Selling Your Business Is Nothing Like Selling Your Home
by Rachel Boynton, MBA, CM&AA
Volume 6 Issue 5, March 12, 2019
I recently received an email from an aggressive, prospective buyer interested in a human services company I represent. He sent a laundry list of financial questions about the company. I answered some of the high-level questions but informed him that it would be best if he spoke with the owners before we got too deep into the weeds.
This recommendation did not go over well. Clearly annoyed with me, the prospective buyer claimed I was not representing my client well because it was my job was to get him the information he needed to determine whether to proceed with making an offer.
“After all,” he said, “you wouldn’t expect me to buy a multi-million-dollar home after only seeing the outside pictures. I would want to walk around the inside several times, tour the neighborhood and review the inspection results.”
He sounded a bit taken aback when I agreed with him. But then I reminded him that this wasn’t a home he was considering purchasing. It was much, much more.
Understanding the Differences
Here are three significant ways selling a human services business and a home differ.
1. Culture. When my husband and I were preparing to sell our intellectual and developmental disabilities (I/DD) company, we never considered selling to an organization with institutional settings, including group homes. While selling to such an organization might have brought us the biggest return, the bottom line was not our sole focus.
We took tremendous pride in building a strong organization that empowered individuals to be a part of their community. This culture was our life’s work. We believed that it was unacceptable to have spent 20 years building and teaching our staff and community only to pass the business off to a contradictory model.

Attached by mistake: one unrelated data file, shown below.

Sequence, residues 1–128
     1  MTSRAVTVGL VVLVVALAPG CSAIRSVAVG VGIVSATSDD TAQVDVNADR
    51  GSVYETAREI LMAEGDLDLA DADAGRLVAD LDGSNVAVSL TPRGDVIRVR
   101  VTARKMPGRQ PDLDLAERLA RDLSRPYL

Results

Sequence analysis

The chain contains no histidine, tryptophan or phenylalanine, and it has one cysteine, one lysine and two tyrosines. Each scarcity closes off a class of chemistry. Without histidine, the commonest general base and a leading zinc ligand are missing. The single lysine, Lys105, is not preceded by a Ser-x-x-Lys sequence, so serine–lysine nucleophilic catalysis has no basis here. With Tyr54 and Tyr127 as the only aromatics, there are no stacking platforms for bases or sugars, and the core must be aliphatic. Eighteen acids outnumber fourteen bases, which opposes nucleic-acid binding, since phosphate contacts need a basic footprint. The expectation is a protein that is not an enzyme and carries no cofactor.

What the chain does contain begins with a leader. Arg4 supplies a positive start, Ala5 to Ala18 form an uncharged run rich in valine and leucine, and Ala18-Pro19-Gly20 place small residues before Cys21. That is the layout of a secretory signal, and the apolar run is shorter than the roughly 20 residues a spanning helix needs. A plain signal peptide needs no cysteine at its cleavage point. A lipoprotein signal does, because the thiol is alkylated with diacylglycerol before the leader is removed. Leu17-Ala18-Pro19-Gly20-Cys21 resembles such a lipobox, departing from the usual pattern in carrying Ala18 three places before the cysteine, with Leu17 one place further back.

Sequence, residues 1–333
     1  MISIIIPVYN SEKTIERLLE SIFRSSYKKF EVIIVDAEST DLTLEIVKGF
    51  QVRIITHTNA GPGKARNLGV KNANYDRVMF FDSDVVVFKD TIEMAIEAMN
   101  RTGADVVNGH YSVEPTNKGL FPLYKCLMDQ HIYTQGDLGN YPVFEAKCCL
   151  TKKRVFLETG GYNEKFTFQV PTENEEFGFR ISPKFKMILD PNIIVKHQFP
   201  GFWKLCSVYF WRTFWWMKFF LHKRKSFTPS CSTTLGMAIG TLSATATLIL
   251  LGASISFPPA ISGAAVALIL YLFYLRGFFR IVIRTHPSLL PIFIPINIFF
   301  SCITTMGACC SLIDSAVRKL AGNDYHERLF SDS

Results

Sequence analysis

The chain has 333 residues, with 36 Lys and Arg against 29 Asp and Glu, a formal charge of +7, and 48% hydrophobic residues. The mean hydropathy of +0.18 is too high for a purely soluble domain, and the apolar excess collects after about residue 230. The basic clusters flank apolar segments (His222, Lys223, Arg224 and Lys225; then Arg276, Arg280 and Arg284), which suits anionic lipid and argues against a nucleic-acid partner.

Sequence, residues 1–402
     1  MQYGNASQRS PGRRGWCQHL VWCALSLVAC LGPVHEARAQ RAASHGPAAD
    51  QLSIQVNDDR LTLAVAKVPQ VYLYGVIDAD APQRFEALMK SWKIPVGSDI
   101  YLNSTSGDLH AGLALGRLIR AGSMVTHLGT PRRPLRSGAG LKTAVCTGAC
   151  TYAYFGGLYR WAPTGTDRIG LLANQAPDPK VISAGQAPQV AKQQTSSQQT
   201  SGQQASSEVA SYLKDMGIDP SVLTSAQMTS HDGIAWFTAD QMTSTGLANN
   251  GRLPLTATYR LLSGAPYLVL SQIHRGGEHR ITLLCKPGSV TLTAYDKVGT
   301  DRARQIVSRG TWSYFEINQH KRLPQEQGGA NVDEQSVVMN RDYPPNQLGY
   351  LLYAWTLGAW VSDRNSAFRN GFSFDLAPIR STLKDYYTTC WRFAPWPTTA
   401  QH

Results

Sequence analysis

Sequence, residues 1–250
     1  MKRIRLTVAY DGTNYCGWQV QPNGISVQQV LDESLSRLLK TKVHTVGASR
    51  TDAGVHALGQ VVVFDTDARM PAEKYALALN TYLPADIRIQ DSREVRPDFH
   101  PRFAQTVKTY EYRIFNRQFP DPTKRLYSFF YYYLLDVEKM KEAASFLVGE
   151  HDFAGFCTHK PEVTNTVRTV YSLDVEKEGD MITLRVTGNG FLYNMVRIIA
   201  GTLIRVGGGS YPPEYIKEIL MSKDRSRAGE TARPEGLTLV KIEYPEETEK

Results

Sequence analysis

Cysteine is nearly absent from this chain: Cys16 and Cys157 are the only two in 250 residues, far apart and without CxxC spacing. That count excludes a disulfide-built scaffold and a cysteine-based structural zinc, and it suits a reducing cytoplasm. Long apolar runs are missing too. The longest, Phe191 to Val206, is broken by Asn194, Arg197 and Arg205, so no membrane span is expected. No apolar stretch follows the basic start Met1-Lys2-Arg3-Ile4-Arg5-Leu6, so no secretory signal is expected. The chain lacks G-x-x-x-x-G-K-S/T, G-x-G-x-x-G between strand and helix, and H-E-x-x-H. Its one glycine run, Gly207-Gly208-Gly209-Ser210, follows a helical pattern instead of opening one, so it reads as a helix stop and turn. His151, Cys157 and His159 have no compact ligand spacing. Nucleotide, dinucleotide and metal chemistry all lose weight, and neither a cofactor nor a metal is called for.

Some prospective buyers couldn’t wrap their heads around the idea that we would reject a great offer out of principle. But we didn’t work as hard as we did to have another company come in and undo all that we accomplished. We also refused to subject our teams, their families and staff to this experience.
When you sell your home, you take down your pictures, move out the furniture, pack up the decorations and sometimes even remove the curtains. It goes from a home to essentially an empty shell that the next owner will fill with their own culture, personality and preferences that will turn the building into an entirely new home.
A business does not go through such a transformation. It relies on its established culture to differentiate it from others. Many stakeholders will only remain with that business if the culture continues after a sale.
2. Nurture. Let’s imagine you live in castle. You have the means to afford a chef, housekeepers, a gardener, a nanny and a personal assistant. Through the years, they all learn your schedule, preferences and values. They help care for your children, feed your family and keep you on task. They practically become your family.
Now it’s time to move from the castle and allow the next royal family to move in. How would you feel about allowing these new rulers to take over without knowing how they would treat the people who helped you achieve and grow over the last few decades? What if you had to leave your children to live in the west wing of the castle, your sister and brother in the east wing? Would this change how you evaluated the new residents?
Ask most human services business owners about the lives of their staff and they will tell you endless stories. Ask about the first person they supported … and the second … and the fifth. In all likelihood, they will remember these people in great detail. The owners will have stories of nurturing a young college graduate into the senior vice president they are today or of helping someone living in horrible conditions find a way to achieve a fulfilling and happy life today.